A four-sided structure can also be handy in terms of developing relationships with residents and developing a routine where they comfortably come in for the night, allowing for less stressful health exams. Catching an ostrich resident who doesn’t want to be caught can be an unhappy experience for everyone involved.

    Remember, if you are bringing new ostrich residents into your sanctuary, you also need to ensure that you have an appropriate quarantine space to keep you and your existing residents safe! 

    Height is a key consideration when providing appropriate indoor living spaces and outdoor covered spaces for ostrich residents. Ostriches can measure over 8 feet tall and have an impressive wing span that can measure over 6 feet. This definitely needs to be considered when designing or providing indoor living spaces to ostrich residents. Door height and width, as well as overall ceiling height and room for wings to be spread and residents to move around, must be carefully considered.

     The important elements for any structure for ostriches include:

    • Appropriate height and width
    • Ventilation (well-ventilated but not a drafty space)
    • Dry
    • Safe access for caregivers
    • Secure gates and latches
    • Ample space for comfortably moving around, laying down, and preventing social conflict
    • Non-slip cushioned flooring
    • Appropriate bedding
    • Protection from predation
    Flooring For Ostriches

    Dirt or sand-covered flooring or another slip-resistant material is important for ostrich living spaces since slips and falls could lead to torn ligaments and joint damage. If your floor is concrete, consider layering half a foot of dirt onto the concrete floor or use rubber mats if necessary. But be sure to consider cleaning ability when putting in flooring. Bare concrete and hardwood floors are unacceptable for areas where residents must stand or lay down for long periods. In short, you must make sure this area is a slip-free zone!

    Bedding For Ostriches

    Because ostriches are naturally inquisitive, it is important to provide bedding that is not appealing to peck at and ingest. Sand or bird-safe wood shavings can be used. Pay close attention to residents to ensure they aren’t ingesting any bedding materials.

    Water For Ostriches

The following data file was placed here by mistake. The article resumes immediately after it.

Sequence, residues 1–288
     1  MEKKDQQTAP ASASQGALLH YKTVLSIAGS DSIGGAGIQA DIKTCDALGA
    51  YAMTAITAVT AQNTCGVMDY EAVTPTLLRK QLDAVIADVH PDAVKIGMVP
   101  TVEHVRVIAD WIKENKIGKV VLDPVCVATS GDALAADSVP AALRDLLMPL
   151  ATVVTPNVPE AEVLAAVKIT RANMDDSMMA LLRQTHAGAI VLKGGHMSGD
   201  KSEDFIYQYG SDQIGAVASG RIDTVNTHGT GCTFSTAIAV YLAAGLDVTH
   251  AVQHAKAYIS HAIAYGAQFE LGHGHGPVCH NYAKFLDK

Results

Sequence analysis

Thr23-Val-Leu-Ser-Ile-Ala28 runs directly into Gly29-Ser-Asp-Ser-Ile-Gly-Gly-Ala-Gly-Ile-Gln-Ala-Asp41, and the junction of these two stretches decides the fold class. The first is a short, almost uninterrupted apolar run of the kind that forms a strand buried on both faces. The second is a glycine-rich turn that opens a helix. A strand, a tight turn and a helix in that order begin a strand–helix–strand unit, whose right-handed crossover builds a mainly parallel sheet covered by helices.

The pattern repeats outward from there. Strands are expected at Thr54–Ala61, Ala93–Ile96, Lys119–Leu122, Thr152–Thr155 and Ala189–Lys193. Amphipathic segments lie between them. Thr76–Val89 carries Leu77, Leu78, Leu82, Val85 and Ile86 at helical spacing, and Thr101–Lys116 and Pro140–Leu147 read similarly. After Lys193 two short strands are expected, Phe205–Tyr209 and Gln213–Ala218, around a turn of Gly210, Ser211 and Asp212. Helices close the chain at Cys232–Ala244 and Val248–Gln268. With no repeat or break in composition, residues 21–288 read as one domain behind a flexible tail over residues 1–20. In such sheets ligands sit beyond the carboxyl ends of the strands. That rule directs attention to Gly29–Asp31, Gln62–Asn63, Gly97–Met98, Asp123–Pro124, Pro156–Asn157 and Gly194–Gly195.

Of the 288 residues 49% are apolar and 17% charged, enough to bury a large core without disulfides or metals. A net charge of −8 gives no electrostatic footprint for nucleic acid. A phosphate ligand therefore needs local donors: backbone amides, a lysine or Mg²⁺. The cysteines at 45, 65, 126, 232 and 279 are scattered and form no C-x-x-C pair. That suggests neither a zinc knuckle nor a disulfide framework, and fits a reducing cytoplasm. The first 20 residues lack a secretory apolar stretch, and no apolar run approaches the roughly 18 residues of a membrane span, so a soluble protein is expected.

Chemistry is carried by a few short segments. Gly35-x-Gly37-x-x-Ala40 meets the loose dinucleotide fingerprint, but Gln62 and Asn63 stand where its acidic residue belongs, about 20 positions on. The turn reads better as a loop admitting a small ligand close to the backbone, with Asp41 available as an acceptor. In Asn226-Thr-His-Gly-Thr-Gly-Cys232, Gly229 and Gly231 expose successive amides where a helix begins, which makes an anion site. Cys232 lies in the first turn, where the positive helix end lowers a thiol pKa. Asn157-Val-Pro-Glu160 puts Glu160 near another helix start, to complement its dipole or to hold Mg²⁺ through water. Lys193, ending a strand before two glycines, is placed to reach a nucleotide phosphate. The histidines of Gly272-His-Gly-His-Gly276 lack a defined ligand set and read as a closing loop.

As with other residents, fresh, clean water should be provided at all times. Automatic waters are fine but still should be checked daily. Be aware that if you decide to use an electric water heater, it needs to be properly grounded, and the water tank and heater must be inaccessible to ostrich residents. If exposed, they might peck at these elements and extension cords, risking injury.

    Outdoor Living Spaces For Ostriches

    The most important outdoor living space elements for ostrich residents are high fencing and ample room. They should be able to stretch their legs and have a good run! Some sources recommend at least 4,300 square feet for two individuals, and others state a minimum of 6500 square feet. Suffice it to say, larger is better. In the wild, ostriches will roam miles daily to forage for food. Outdoor living spaces should be made up of sand, dirt, and or grassy areas, drain well, and provide an engaging environment for residents to interact with. Ostriches lack a preen gland that typically protects the feathers of many other bird species from wet weather. Therefore, they must have access to dry shelter during rainy weather.

    Ideally, ostriches should have ample open space and a few areas with tall grass, trees, or other elements that make the space more dynamic. These elements can also act as a visual break, which can be helpful for residents who would like a break from humans. You should also provide dust baths for ostriches, as it helps them clean their feathers. Dust bath access is an especially important part of their self-grooming ritual due to their lack of preen glands. Ostriches can enjoy water elements in outdoor living spaces. This might look like shallow pools of water, sprinklers, or misters.  However, Highly Pathogenic Avian Influenza (HPAI) has made providing dynamic outdoor living space for bird residents challenging for caretakers, to say the least. HPAI poses a serious risk to individuals and bird residents as a whole. If possible, provide a kiddie pool or low plastic troughs (take into account the age, health, and mobility of the resident and decide whether this is appropriate for them) in a covered, protected area, where wild birds are unlikely to access and pull in pools and clean them overnight.

    Fencing For Ostriches

     A 6-foot fence is generally recommended for ostriches. It should be buried about 6 inches below the ground to prevent any predators from trying to dig under it. Protective coverings should be placed on top of any sharp or protruding points on the fence top. However, all fencing elements must be secure so that ostrich residents cannot pull off and swallow any parts. When placing posts, it is best to put them outside any fencing material. Because ostriches can and will stick their heads through small spaces, fencing with 2×4 inch or smaller openings is recommended so ostriches cannot stick their heads out. Rounded corners are also recommended in living spaces, as they can help prevent residents from being cornered and feeling trapped. It is important that the fence is highly visible to prevent an ostrich resident from running into the fence if they are feeling panicked.